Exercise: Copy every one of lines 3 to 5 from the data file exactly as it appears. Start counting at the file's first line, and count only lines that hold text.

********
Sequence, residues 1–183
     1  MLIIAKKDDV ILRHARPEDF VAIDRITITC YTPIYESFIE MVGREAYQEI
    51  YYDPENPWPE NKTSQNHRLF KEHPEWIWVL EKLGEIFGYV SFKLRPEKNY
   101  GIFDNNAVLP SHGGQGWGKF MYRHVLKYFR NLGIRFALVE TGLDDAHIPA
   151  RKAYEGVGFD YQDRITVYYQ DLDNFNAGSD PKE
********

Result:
    51  YYDPENPWPE NKTSQNHRLF KEHPEWIWVL EKLGEIFGYV SFKLRPEKNY
   101  GIFDNNAVLP SHGGQGWGKF MYRHVLKYFR NLGIRFALVE TGLDDAHIPA
   151  RKAYEGVGFD YQDRITVYYQ DLDNFNAGSD PKE